A farewell note from Melanie Morrison:
March 17. 2020
Over the past three and a half years as Communications Manager at the Public Education Foundation I’ve spent a great deal of time, too much perhaps, on social media. As a proud product of public education, I feel compelled to back a system that provided me with a good education and solid values. A system that makes a difference to every child, regardless of social or economic background.
All too often I scroll through social media posts and despair at the constant criticisms made by commentators on public schools and attacks on what the public system stands for. I despair when the chair of the NSW Parliament’s Education Committee feels the need to criticise teachers for developing successful well-being programs and then go on to cynically attack the Secretary of the NSW Department of Education.
I despair at the fact that Sydney’s wealthiest private schools have more than $1 billion worth of building projects in the pipeline in an arms race for prestige. And that Australia’s four richest schools spent more on new facilities and renovations than the poorest 1,800 schools combined. I despair when I read about recent revelations that the government’s $1.2 billion ‘choice and affordability fund’ enable private schools to squirrel public money for their own investment returns.
These are stark reminders of the inequities in our education system. The shovelling of funds into private schools is not only grossly unfair but detrimental to Australia’s success as a nation.
But social media posts can be heartening too. The posts that remind us of the many wonderful things happening in our public schools. The newly arrived refugees who beat the odds as they head off to study medicine at university or make it into Australia’s premier film and television school, driven by a passion to tell their own stories. The schools that are closing the gap with Australia’s Indigenous students, the schools in Australia’s most disadvantaged areas that punch well above their weight, the teachers who go above and beyond every single day, encouraging students to seize opportunities to see what is possible. And teams at Departments of Education who work tirelessly to keep students, teachers and staff safe in face of the Coronavirus pandemic or the devastating bushfires.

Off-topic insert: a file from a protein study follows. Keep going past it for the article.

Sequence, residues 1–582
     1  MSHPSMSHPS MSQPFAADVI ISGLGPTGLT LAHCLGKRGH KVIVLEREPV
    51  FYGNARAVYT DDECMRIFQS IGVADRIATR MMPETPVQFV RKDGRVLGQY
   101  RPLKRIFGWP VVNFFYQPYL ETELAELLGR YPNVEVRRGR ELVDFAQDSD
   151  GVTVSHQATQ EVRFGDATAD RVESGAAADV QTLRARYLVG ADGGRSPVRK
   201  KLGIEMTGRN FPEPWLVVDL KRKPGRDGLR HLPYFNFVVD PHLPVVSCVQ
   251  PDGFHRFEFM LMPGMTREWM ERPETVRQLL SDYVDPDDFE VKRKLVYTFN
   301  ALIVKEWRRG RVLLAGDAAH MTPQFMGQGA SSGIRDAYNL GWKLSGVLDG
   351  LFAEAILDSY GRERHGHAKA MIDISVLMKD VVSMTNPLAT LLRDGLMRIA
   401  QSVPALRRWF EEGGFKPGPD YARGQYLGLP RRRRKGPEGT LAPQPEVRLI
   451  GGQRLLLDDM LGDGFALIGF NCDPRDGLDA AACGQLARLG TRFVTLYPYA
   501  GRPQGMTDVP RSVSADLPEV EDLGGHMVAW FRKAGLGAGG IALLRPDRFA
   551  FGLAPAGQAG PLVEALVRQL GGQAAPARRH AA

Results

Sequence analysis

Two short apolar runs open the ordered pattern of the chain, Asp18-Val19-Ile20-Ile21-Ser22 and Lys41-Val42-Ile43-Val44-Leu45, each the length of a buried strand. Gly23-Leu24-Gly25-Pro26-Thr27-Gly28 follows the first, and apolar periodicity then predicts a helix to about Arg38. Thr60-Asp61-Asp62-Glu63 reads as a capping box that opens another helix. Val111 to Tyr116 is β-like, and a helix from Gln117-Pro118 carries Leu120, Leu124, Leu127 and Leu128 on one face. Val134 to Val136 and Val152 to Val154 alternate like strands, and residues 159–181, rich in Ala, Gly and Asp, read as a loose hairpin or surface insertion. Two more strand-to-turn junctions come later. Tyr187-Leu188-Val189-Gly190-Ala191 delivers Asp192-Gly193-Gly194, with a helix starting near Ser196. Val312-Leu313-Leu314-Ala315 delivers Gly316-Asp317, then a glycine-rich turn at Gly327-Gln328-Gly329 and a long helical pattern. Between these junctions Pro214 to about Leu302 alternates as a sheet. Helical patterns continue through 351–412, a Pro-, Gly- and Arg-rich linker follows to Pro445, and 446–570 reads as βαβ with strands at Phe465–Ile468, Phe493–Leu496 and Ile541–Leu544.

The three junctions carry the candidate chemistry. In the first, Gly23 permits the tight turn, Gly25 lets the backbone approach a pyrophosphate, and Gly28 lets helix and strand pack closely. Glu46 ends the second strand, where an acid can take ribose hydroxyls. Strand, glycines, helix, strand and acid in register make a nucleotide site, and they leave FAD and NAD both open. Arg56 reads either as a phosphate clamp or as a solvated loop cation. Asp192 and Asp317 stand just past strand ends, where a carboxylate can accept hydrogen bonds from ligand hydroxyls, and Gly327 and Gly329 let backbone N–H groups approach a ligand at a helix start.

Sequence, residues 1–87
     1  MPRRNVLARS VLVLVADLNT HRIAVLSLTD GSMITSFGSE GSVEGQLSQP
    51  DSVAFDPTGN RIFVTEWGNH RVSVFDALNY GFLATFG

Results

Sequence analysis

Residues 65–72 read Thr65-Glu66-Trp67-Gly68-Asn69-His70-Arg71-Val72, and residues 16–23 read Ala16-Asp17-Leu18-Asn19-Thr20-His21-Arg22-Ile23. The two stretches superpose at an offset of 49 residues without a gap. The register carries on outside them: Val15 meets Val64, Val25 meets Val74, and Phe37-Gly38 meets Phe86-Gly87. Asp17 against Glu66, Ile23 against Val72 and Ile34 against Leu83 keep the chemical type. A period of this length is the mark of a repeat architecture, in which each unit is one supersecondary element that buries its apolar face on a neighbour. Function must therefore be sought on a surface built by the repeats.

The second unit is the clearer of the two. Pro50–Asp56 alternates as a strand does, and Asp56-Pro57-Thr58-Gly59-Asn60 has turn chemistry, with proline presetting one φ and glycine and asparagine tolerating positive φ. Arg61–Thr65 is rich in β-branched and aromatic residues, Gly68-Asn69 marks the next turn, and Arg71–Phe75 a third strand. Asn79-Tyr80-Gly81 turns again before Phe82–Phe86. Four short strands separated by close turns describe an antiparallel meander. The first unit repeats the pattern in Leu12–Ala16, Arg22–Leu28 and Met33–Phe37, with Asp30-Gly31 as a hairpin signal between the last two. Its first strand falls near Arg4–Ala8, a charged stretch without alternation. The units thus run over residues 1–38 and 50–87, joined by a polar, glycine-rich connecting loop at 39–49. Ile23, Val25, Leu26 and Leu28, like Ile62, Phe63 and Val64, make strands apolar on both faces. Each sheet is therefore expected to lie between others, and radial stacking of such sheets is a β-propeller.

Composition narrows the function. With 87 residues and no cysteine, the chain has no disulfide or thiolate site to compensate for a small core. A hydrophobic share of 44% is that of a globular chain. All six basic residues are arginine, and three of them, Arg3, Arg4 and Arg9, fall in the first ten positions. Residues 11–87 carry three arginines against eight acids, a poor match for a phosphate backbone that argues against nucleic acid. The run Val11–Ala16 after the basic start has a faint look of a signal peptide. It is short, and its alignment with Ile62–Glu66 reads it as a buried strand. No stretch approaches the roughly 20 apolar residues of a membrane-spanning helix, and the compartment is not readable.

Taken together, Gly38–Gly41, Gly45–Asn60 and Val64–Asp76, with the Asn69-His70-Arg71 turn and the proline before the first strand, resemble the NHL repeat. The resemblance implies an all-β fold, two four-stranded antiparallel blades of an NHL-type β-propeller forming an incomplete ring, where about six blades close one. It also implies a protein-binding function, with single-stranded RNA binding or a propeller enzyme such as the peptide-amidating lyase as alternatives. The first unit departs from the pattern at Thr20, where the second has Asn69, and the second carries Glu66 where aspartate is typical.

I applaud the public education warriors – and they are warriors because this is a fight for a fairer and more equitable Australia. The Principals’ Associations, the various Teachers Unions, the Departments of Education across Australia, the teachers, the students and the public education advocates who tirelessly call out inequity and injustice.
Few encapsulate this fight more eloquently as our irrepressible board director Jane Caro who writes:
“There is a terrifying arrogance among those who have no understanding of the importance of public education in ensuring the strength and resilience of both an advanced economy and a functioning democracy. Caught up with their own personal agendas – proselytising a particular religion on the part of those who run such schools or buying an advantage for their own children on the part of those who choose them – they totally miss the bigger and more important picture.”
I will remain proud of Australia’s public education system. It’s not perfect. Nothing ever is. But I when look at my two children and their friends at our local public schools, I see what fine, upstanding young people they have become. They are kind, tolerant, accepting, hardworking and engaged in the world around them.
As Craig Reucassel says in our Building Great Australian Lives Campaign: “There is no better place to instil values than a school that comes from the very idea that anyone can go there.”
I may be leaving my role at the Foundation, but I will continue to join the keyboard warriors in defending an education system that is for all Australians.
Photo credit: Australia for UNHCR